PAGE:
- Sexualized play. If sexuality suddenly becomes a theme of your child's games with dolls or toys, especially if the dolls suddenly start performing sex acts you didn't know they even knew about.
- Inappropriate touch or sexual behavior. If your child tries to touch children or adults in their private areas, or if sex suddenly becomes a topic.
- Sexual kissing. Tongue or sexual kissing can be a sign.
- Self-penetration. If young children putting fingers or toys in their anus or vagina.
- Sleep issues. If your child develops nightmares or other sleep difficulties.
- Change of appetite. If they stop eating, start to binge-eat, or have difficulty swallowing.
- Mood swings. Sudden bursts of anger, insecurity, or fear might be a sign that something is going on.
- Indirect communication. A child who can't talk about it might leave some kind of clue, hoping to provoke you to start a discussion.
- Sexual imagery. If your child suddenly starts writing, drawing, singing, imagining, or dreaming sexually explicit things.
- Regression. If an older child starts acting younger (sucking their thumb, using baby talk, etc.).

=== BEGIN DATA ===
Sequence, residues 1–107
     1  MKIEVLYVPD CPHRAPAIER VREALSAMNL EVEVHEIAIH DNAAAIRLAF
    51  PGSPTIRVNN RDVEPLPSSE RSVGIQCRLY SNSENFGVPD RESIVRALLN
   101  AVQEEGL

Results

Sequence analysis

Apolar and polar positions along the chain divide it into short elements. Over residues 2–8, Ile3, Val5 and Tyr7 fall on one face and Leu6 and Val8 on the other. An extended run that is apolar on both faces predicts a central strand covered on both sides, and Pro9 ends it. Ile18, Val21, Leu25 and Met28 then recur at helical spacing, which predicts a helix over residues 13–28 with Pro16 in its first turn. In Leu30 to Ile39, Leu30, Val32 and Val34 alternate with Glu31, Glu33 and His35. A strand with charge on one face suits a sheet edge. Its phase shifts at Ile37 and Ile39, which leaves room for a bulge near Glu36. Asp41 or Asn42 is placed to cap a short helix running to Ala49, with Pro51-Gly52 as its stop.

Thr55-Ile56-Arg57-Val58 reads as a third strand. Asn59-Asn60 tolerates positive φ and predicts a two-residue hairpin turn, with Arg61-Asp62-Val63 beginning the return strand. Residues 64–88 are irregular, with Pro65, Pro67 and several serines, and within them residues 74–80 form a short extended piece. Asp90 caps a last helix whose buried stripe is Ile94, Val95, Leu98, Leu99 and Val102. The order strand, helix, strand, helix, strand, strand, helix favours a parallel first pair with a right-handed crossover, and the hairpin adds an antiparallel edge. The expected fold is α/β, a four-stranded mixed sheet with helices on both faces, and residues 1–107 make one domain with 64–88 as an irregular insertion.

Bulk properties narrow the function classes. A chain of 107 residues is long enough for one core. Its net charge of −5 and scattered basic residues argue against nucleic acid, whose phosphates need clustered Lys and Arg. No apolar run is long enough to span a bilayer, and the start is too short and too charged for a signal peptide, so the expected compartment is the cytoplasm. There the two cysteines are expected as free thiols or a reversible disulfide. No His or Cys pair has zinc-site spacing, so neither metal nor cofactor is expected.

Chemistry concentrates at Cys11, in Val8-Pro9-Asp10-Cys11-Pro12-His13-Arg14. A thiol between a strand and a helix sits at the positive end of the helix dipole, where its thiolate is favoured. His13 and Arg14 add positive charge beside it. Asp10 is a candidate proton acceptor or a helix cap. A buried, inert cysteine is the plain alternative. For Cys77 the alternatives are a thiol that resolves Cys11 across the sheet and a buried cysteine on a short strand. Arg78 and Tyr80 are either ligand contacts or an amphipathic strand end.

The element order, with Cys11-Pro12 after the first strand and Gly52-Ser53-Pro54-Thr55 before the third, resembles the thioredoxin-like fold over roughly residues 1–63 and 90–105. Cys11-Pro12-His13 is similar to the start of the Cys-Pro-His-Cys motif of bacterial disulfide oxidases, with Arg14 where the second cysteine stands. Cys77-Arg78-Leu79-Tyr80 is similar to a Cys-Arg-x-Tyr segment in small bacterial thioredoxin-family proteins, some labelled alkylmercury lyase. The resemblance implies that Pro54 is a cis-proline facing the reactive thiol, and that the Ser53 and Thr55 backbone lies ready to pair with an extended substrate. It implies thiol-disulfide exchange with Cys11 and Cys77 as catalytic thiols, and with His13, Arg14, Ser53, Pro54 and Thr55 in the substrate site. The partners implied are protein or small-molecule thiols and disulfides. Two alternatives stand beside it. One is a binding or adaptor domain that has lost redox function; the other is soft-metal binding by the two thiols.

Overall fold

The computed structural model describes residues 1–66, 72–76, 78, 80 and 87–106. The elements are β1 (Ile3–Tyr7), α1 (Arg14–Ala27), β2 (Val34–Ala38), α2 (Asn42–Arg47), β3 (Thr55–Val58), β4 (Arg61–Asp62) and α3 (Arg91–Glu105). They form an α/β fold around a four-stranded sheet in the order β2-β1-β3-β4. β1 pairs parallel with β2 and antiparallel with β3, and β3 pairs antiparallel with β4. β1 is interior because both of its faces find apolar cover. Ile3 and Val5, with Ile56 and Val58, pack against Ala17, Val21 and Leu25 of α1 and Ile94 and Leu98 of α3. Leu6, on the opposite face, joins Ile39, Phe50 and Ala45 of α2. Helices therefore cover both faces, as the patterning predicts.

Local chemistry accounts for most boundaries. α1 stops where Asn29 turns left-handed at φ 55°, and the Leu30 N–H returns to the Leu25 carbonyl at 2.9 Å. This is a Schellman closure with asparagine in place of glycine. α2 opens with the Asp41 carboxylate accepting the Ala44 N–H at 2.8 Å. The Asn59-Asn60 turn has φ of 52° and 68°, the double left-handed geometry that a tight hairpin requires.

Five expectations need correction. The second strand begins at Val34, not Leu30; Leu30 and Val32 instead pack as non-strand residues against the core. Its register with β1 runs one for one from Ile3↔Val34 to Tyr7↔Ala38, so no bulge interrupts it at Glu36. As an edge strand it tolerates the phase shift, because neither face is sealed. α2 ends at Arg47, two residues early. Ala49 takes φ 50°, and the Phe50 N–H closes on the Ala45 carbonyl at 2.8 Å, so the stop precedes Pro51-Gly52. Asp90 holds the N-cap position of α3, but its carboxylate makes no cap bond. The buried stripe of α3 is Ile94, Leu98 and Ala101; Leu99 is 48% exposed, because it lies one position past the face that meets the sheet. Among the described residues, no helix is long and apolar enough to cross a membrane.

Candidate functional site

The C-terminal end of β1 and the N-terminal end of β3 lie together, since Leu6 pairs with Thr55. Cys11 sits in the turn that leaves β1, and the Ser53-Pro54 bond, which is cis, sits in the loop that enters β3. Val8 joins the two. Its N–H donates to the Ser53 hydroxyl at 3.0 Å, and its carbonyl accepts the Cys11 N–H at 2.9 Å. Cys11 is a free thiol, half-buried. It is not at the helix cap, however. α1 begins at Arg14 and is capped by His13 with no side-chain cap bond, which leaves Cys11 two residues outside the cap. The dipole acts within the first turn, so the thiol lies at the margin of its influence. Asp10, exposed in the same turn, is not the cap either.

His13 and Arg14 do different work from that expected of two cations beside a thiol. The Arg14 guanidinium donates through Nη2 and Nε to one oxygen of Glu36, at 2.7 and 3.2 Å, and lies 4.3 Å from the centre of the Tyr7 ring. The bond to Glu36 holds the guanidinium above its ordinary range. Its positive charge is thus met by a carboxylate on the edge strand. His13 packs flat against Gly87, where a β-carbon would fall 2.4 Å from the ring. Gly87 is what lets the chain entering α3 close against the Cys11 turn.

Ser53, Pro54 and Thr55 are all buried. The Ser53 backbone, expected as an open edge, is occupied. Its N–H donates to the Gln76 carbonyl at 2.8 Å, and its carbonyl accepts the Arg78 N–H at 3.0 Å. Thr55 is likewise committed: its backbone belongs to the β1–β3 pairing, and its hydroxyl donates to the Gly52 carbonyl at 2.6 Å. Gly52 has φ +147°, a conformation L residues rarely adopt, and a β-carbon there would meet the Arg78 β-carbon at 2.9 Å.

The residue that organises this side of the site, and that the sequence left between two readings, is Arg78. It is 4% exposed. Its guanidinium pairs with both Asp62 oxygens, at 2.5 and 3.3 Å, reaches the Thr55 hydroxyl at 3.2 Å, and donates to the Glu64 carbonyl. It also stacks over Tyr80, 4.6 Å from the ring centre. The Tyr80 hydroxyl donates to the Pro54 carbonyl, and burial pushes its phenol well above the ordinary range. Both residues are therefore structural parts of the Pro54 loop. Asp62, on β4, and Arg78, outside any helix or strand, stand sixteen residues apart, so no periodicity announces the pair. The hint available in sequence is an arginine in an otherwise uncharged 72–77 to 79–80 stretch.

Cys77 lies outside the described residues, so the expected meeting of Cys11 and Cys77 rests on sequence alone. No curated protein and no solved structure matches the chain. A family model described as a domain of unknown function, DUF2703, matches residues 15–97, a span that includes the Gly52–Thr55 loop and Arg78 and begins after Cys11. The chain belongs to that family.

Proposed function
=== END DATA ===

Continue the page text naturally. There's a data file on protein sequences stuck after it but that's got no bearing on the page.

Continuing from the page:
- Fear of nudity. If your child resists removing their clothes for a bath, to change, etc.
- Refusal to bathe. Inadequate personal hygiene might be a sign of a problem.
- Avoidance. If your usually affectionate and loving child suddenly avoids physical contact.
- Bed-wetting or accidents. When your child is suddenly wetting the bed for no apparent reason and they never did that in the past, or if a potty-trained child suddenly starts wetting or soiling their pants.
- Lack of interest. If they start losing interest in things they used to enjoy.
- PTSD symptoms. Many of the signs above are also symptoms of a post-traumatic stress disorder: Agitation, irritability, hostility, hypervigilance, self-destruction, social isolation, flashbacks, fear, anxiety, loss of trust, loss of interest, guilt, insomnia, nightmares, etc.
A Child's Sexual Behavior Isn't Always a Sign of Abuse
You must figure out what behavior is normal, healthy, and age-appropriate and what is inappropriate and alarming.
What If a Child Says They Are Being Abused or Molested?
The first and most important thing to do if your child tells you something inappropriate happened is to always, always take the child seriously, no matter whom they say did it. If they muster up the courage to come to you for help, you simply must respond like a responsible, caring adult.
- Believe them. There may be a tiny chance this is all just a misunderstanding, but that is highly unlikely. Your job is to resolutely take your child's side, protect them, and find answers.